Δpv=CfRevμv2rh,v2AvhfgρvLeffqE6

where rh,v is the hydraulic radius of the vapor space and C is a constant that depends on the Mach number [12, 25].

2.3. Fabrication process of MEMS-based micro-grooved heat pipes

In 1991, Peterson et al. [26] initialized the concept of using micro-grooved heat pipes as an integral part of the semiconductor devices. Normally, MEMS-based MHPs with hydraulic diameters on the order of 50–300 μm are directly etched into silicon wafers, and the directionally dependent wet etching or deep reactive ion etching (DRIE) processes are commercially available and widely utilized to create a series of parallel micro-grooves which shape the micro-devices [2730]. The wet chemical etching process could create trapezoidal or triangular grooves, allowing etching of silicon wafers in one particular direction at a higher rate as compared to other directions, while DRIE process that uses physical plasma tool generates rectangular grooves. Once the micro-grooves are etched into the silicon wafer, a Pyrex 7740 glass cover plate is often bonded to the surface to form the closed channels based on anodic bonding technique for the visualization of two-phase flow in MHPs.

The lithographic masking techniques, coupled with an orientation-dependent etching technique, are typically utilized and Peterson [17] has summarized this processes. Figure 4 gives an example of six major fabrication process with respect to a MEMS-based MHP having trapezoidal cross sections, including photolithography, wet etching, and anodic bonding. After standard clean and drying, a two-side polished (100) silicon wafer is thermally dry oxidized to form a layer of SiO2, which is used as a hard mask for anisotropic wet etching as illustrated below. Firstly, one side of the silicon wafer is spun coated with a photoresist (PR) (Figure 4a). The patterned transfer from a mask onto the wafer is established via exposure and development (Figure 4b). Subsequently, buffered oxide etch (BOE) solutions are used to strip off the exposed SiO2 (Figure 4c), and the remanent PR is removed by a cleaning step (Figure 4d). Then, some micro-grooves with trapezoidal cross sections are created by wet etching (Figure 4e). For flow visualization, a Pyrex 7740 glass is finally bonded with the silicon wafer after removing the SiO2 layer using HF solution (Figure 4f). Before silicon-to-glass bonding, the laser drill technology is employed to create the inlet/outlet holes for evacuating and charging. After the completion of the MEMS fabrication process, the wafer is sliced into individual dice.

Figure 4.

Fabrication processes of a MEMS-based MHP: (a) spin coating photoresist, (b) UV exposure, (c) BOE etching (d) wet etching, (e) HF etching silicon layer, and (f) silicon-to-glass anodic bonding.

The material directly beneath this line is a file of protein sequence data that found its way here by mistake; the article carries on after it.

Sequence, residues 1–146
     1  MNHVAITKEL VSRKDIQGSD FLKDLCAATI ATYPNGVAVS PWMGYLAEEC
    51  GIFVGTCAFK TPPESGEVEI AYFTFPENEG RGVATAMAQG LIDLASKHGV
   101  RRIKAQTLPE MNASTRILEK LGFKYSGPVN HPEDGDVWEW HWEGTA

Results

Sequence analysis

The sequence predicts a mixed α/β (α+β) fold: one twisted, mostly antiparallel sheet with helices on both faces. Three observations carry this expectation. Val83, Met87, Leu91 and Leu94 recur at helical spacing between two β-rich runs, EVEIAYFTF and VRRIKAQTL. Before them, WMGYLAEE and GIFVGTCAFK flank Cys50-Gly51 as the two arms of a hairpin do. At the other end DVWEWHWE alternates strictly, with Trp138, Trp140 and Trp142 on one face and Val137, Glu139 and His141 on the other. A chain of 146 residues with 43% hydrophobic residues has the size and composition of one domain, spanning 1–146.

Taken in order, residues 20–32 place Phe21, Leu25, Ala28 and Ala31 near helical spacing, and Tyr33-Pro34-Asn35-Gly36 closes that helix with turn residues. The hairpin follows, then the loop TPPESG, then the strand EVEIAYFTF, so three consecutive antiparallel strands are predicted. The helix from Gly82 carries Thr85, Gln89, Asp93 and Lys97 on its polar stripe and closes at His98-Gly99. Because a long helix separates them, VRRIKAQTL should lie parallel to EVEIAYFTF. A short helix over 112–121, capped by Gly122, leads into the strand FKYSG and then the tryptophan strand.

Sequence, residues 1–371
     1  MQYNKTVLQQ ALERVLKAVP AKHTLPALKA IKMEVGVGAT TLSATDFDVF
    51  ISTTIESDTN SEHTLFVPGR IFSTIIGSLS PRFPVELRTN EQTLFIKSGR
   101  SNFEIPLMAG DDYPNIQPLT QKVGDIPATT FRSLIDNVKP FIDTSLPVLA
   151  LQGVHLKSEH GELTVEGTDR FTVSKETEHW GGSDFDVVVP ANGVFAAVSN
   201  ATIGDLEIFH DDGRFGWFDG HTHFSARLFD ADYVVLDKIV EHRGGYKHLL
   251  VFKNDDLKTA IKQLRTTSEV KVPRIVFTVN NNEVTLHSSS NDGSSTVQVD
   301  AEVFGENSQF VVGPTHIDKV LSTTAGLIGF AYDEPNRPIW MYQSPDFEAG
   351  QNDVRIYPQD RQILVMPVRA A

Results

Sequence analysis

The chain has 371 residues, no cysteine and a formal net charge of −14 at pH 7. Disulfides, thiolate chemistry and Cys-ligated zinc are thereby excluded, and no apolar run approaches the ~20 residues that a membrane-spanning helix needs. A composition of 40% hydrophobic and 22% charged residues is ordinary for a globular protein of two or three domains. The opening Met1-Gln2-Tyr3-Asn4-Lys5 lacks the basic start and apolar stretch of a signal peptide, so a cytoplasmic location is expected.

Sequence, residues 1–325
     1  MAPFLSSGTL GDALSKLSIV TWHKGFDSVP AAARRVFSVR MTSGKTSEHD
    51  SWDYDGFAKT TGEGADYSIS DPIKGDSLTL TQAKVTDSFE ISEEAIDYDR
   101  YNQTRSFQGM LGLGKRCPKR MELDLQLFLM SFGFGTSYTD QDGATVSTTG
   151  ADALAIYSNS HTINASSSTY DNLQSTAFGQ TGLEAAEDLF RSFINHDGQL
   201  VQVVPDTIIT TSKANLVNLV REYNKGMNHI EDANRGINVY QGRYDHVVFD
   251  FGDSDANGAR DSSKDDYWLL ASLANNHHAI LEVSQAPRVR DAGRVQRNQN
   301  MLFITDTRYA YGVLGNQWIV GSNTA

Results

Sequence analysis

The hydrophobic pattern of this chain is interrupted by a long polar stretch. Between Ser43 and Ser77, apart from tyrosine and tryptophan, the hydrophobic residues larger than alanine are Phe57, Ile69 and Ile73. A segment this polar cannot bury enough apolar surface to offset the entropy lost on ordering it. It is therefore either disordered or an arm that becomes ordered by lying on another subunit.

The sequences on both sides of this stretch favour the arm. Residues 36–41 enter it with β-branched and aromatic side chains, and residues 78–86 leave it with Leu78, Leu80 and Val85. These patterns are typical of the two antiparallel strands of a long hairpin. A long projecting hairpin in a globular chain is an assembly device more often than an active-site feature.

In addition to the orientation-dependent etching processes, a more elaborate technique was developed that utilizes the multi-source vapor deposition process [31, 32] to create an array of long, narrow channels of triangular cross-section lined with a thin layer of copper. This process begins with the fabrication of a series of square or rectangular grooves in a silicon wafer. Then, the grooves are closed using a dual E-beam vapor deposition process, creating an array of long narrow channels of triangular cross section with two open ends. Figure 5 gives a SEM image of the end view of a vapor deposited MHP which has not quite been completely closed at the top. Clearly, the MHPs are lined with a thin layer of copper, and thus the migration of the working fluid throughout the semiconductor material could be significantly reduced.

Figure 5.

A vapor-deposited micro-grooved heat pipe [17].

3. State-of-the-art of research on MEMS-based micro-grooved heat pipes

3.1. Experimental investigation

The original conception of micro-grooved heat pipes fabricated in silicon substrate was first introduced by Cotter, but the first experimental test results on these micro-devices were not published until somewhat later by Peterson and coworkers [26]. In their investigation, several silicon wafers as shown in Figure 6 were fabricated with distributed heat sources on one side and an array of MHPs on the other. As an intermediary step in the development process, experimental tests were conducted by Babin et al. [8] on two individual micro-grooved heat pipes, one copper and one silver, approximately 1 mm2 in cross-section area and 57 mm in length. Distilled and deionized water were used as the working fluid.

Figure 6.

Array of micro-grooved heat pipes fabricated on silicon wafer [26].

After that, Peterson’s group carried out several experimental and numerical investigations [28, 31, 33, 34] to verify the feasibility of MHPs as an integral part of semiconductor devices, and then a large number of experimental investigations have been conducted by other researchers to extend the MHP array concept and determine the potential advantages of MEMS-based MHPs.